Today was the third workday New Yorkers have coped with more crowding in subways and buses, and delays at those bus stops that are still operating. These problems have been aggravated by the MTA's service cuts necessitated by its substantial deficit which, in part, is the result of reduced appropriations by the state legislature.
Service is highly unlikely to be restored by the MTA as long as the fiscal crisis continues, which will be a prolonged period of time.
We do not believe the public should be deprived of necessary service just because the MTA cannot operate without losing money.
Why don't the black cabs or other transit vehicles take over and serve the locations that the MTA has abandoned?
There are enough vehicles and enough drivers to serve the majority of the riders who have been shucked by the MTA, which incur much higher operating costs than necessity requires.
This is a field in which Transportation Commissioner Janette Sadik-Khan and Taxi & Limousine Commissioner, former Councilmember David Yassky should take the initiative. (By the way, both these posts were held during portions of the Giuliani Administration by Christopher R. Lynn.)
Mayor Bloomberg's new Deputy Mayor, Stephen Goldsmith (former Mayor of Indianapolis) is noted for his past success in privatizing municipal services. What better area is there to try out privatization than one in which the public agency in charge has abandoned for financial reasons its commitment to provide service?
The advocates of 'planned shrinkage' a generation ago did not, as far as I know, actually withdraw services from neighborhoods they predicted would shrink. In this case, service is also being curtailed in stable or growing areas, simply because it is uneconomic for the MTA to operate it. The reason transit is a public service rather than a private operation is because service is assumed to be maintained as a basic civic amenity, whether it is profitable for the transit provider or not.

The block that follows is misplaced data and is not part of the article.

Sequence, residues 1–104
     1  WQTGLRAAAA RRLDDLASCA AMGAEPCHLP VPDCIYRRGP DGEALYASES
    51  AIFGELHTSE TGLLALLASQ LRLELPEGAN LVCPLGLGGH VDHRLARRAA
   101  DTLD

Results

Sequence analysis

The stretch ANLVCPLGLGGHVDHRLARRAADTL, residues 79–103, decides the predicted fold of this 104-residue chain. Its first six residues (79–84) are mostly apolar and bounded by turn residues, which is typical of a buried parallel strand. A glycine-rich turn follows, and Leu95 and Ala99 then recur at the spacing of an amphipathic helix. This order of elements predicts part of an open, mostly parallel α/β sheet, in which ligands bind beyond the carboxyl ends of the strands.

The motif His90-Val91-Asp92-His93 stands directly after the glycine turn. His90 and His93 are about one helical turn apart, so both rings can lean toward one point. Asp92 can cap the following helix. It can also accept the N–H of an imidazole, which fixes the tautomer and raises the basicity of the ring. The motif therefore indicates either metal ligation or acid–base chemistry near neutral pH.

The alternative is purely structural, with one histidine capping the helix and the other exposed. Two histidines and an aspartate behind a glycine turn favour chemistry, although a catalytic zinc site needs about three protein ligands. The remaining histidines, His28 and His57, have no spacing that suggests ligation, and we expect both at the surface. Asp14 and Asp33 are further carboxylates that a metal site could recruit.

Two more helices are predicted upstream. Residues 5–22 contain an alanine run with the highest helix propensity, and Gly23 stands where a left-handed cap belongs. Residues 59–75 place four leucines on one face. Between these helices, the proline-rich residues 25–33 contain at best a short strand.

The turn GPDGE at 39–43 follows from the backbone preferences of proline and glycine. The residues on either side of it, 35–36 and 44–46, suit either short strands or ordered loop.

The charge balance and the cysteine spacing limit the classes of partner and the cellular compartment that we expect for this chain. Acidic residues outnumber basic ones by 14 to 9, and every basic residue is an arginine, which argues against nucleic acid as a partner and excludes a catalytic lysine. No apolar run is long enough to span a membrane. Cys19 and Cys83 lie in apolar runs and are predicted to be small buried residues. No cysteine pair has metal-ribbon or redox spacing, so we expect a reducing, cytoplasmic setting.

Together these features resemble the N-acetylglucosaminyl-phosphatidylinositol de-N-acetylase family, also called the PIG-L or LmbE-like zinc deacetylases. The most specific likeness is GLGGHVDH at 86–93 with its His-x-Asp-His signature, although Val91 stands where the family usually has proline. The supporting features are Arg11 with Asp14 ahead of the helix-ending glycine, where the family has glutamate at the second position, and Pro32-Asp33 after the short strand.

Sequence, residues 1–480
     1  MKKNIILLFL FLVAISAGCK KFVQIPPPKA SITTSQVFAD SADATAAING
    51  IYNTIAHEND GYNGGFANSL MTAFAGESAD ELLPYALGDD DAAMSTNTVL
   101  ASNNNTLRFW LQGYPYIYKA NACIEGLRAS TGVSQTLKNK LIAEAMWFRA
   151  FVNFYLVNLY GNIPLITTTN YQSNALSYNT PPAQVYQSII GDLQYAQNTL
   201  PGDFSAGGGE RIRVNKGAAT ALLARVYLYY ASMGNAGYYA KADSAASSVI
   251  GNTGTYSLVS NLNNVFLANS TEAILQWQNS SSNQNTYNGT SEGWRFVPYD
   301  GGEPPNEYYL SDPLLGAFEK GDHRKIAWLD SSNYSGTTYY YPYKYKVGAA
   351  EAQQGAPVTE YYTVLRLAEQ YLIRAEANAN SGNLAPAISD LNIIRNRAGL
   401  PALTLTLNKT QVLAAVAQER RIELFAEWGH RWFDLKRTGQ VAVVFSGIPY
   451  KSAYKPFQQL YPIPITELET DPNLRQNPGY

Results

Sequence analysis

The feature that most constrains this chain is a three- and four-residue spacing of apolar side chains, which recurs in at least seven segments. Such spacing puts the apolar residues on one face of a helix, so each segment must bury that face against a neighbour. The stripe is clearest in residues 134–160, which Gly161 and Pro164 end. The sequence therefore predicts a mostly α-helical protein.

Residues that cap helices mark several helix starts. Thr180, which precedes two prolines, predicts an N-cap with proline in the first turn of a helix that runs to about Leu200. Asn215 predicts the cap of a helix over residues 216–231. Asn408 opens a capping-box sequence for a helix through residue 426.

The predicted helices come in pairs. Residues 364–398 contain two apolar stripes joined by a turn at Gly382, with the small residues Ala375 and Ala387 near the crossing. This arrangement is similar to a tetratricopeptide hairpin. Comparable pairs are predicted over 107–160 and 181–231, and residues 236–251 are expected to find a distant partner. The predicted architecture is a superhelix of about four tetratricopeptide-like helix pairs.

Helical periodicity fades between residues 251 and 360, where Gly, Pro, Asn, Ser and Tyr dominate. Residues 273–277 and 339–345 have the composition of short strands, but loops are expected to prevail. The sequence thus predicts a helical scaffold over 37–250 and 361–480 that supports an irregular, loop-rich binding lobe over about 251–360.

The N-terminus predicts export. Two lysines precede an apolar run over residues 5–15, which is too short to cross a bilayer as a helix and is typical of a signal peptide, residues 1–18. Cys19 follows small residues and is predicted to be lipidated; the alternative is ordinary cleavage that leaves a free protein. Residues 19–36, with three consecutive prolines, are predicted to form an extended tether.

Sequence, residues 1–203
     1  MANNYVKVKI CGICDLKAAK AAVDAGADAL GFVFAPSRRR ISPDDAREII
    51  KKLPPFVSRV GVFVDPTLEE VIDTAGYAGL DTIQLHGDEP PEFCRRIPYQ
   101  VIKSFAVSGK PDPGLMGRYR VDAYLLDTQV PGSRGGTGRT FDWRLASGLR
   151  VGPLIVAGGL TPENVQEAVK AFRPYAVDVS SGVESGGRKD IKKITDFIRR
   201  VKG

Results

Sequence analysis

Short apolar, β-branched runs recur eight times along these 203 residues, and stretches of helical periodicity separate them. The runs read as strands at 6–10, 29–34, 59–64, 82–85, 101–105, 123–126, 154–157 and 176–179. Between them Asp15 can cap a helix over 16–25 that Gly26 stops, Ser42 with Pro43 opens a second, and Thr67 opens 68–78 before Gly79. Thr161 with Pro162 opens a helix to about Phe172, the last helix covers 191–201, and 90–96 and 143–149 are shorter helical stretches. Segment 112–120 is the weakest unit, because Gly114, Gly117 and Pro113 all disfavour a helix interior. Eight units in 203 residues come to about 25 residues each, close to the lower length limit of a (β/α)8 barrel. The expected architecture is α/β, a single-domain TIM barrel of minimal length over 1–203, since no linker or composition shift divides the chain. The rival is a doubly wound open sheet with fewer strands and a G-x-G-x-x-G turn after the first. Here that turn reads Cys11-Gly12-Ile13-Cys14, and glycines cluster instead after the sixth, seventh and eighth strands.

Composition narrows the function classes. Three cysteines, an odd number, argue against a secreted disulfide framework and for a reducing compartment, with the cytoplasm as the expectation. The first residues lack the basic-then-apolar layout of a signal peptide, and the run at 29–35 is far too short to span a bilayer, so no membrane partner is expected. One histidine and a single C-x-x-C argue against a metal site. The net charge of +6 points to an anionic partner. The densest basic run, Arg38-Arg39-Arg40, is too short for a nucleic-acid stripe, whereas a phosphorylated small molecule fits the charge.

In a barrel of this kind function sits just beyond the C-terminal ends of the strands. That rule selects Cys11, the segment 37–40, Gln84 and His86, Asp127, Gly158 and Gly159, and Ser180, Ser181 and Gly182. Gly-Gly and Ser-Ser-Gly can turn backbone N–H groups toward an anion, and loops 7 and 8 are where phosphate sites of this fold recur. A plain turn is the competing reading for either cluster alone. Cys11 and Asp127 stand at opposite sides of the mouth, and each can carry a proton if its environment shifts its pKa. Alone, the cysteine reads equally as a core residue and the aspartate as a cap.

Three years ago the MTA acquired seven private bus lines which had received city subsidies, mostly in Queens, and assumed their obligations. Could their financial picture have changed so drastically that the lines the MTA (capital budget tax dollars) bought and paid for are now incapable of operating without substantially increasing the transit agency's deficit? Why buy the lines if you weren't going to operate them?
The entire affair undermines to some extent the credibility of the long-suffering MTA, which is wrongly accused as much as it is properly faulted. Whenever the MTA is short of money, existing subway and bus lines it operates are at risk of abandonment.
How do you build a community, or persuade home buyers to invest in it, if its lifeline of transportation is likely to be cut any year the agency has a fiscal shortfall - which, of course, will be every year since they appear incapable of containing their labor costs?
This is not to say that no lines should be eliminated. Some express buses are substantially underutilized. The MTA cannot provide taxi service for a handful of passengers. But when calculations begin after the number of reductions is fixed, some routes are likely to be abolished which provide valuable service. Tens, possibly hundreds of thousands of people, may now be more than a half-mile from a subway station. Think of the consequences in rain or snow, and on the disabled who cannot be accommodated by Access-a-Ride.
The picture is made more complex by the division of responsibility for the MTA between the state and the city. The governor has ten appointees on the board, plus fractionals. The Mayor has four. This enables the Mayor to escape responsibility for the decisions made by the agency, including resource allocation decisions for lines within the City of New York, which should be within his purview.
The City Council has used its budget authority to keep firehouses and senior centers open, and to reduce cuts for libraries. Yet it seems powerless to do anything about the MTA's abandonment of subway and bus service, although these cuts will have more impact on peoples' daily lives than the cuts that were restored. The MTA is insulated from elected officials, and the farcical 'hearings' held for each borough, although required by law, are no substitute for civic participation. The non-elected MTA board members, who are unknown to the public except for the lady who is dating Paul McCartney, either follow their own wishes, or the desires of the person who appointed them.